More than a devotional (book is insight into community)

Northern Reflections, Desmond Carroll, paintings by Ted Harrison,

The cover of Northern Reflections shows an inukshuk and a blazing sun over ice. One of Ted Harrison’s favourite paintings, it was also selected by Marion Carroll, the wife of the late author, Desmond Carroll.

She had reason to choose that cover.

“It’s about guidance. Inukshuks were placed on the land to point the way.” She emphasized how unobtrusive the inukshuks were — that they were placed so that when travellers came upon them they could look at the outstretched arms and see direction.

Northern Reflections is a book that collects the writings of Desmond Carroll, the Dean of the Yukon for Christ’s Church Cathedral from 1985 to 2001. Though they started out as bulletin devotionals on Sunday morning, here they have been transformed by Herbert O’Driscoll — through his selection and collection — into a short devotional work, adorned by eight Ted Harrison paintings.

Production value on the book is high. The book uses heavy glossy paper to hold the Harrison paintings — and these are a delight. What Harrison shows in his paintings of community, Carroll reflects in his devotionals.

Let me say that these are devotionals of a very different kind.

Most devotional books are pretty standard fare — a bible verse, a thoughtful paragraph or two about the passage, an application to life.

These are not your normal devotionals and act equally as well as a record of a community living together.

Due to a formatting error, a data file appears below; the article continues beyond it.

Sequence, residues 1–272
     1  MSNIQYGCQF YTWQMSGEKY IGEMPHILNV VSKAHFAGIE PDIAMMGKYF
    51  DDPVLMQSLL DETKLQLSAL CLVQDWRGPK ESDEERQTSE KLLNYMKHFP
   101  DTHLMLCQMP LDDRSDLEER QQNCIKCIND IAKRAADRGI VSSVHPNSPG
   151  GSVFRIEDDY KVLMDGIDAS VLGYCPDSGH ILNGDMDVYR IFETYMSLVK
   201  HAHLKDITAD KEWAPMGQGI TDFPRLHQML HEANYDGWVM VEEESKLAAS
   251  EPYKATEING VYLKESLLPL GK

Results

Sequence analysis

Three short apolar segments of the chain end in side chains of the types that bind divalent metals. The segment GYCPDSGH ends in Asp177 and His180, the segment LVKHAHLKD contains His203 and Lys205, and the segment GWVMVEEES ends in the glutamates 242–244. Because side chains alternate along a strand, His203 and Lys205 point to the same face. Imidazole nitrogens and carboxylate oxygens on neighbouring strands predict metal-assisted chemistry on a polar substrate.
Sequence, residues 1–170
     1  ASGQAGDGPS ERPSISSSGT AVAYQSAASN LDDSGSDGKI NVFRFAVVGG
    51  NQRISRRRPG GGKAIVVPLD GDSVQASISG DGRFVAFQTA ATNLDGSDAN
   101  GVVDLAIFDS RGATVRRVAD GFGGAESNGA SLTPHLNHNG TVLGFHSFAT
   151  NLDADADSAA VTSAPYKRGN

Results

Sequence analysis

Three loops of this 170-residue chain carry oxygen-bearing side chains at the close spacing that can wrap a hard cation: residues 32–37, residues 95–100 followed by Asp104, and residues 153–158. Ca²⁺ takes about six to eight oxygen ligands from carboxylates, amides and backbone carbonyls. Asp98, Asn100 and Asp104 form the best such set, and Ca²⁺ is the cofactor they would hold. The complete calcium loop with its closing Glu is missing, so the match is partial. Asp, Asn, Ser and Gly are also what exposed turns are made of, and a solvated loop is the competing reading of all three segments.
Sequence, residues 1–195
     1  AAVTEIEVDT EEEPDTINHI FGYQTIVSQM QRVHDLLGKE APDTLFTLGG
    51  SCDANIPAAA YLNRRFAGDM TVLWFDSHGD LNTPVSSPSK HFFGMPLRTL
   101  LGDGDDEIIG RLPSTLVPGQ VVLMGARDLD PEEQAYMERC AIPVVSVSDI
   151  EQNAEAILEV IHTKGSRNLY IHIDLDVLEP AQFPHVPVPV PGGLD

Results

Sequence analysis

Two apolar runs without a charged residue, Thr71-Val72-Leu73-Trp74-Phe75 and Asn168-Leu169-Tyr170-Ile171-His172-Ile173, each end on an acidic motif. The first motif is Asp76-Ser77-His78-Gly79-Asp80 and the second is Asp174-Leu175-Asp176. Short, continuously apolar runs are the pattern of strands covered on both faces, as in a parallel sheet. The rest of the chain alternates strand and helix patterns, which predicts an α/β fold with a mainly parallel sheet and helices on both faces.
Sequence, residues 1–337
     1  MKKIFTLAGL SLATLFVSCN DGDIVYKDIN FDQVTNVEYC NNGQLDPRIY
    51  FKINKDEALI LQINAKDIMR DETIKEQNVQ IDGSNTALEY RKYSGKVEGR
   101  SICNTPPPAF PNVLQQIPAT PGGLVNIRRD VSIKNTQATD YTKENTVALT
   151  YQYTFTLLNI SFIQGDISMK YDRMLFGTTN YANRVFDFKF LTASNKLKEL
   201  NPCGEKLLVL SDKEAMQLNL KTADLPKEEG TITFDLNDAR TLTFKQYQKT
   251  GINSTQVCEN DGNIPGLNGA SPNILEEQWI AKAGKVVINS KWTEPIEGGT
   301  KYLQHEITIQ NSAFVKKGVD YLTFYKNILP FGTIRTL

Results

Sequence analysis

Carroll’s 56 writings are nearly like letters to his congregation about the passing of time, the daily life of the people. While they are devotionals — as in they carry a message that is applicable to a person’s life, some wisdom in a homily — they are also very Yukon specific at times.

Desmond writes: “The longest day has passed, and the light of the long evenings with the hope of warmer weather brings that mood of summer that is so welcomed.”

(Oh, don’t we feel that one!)

There are glimpses of world events as Carroll speaks about Chernobyl and the Seoul Olympics. But mostly there’s a sense of intimacy — they are not like mini-sermons, but more like mini-chats.

I like Carroll’s way of bridging the really hard-to-understand theological concepts and making them accessible.

Notice the title of this one: Prayer and the Radar Search, which talks about prayer as radar searching the sky for planes and about not focusing our ears in only one direction, but being ready to hear God through whatever medium He speaks through or wherever we might get a hint of His voice.

These metaphors are handy.

Church can sometimes make a person feel bogged in rules, regulations and ancient stories. The Divine feels walled away by mystical codes.

Carroll here comes to you like your neighbour over the fence. I’ve suddenly got the feeling that he is Wilson, from Home Improvement, the TV series. Tim Allen’s neighbour, who never revealed the lower part of his face behind the fence, often gave Tim good practical advice from one neighbour to another. Unobtrusive direction. A pointing of the way.

In some ways, I don’t think Carroll would be upset that I’ve made his method of offering advice into a metaphor with a pop culture reference — that’s Carroll’s method, it seems to me: Find the modern in the spiritual, find the spiritual in the modern.

All proceeds for the book are split between the Old Log Church Museum and the Ted Harrison Artist Retreat.

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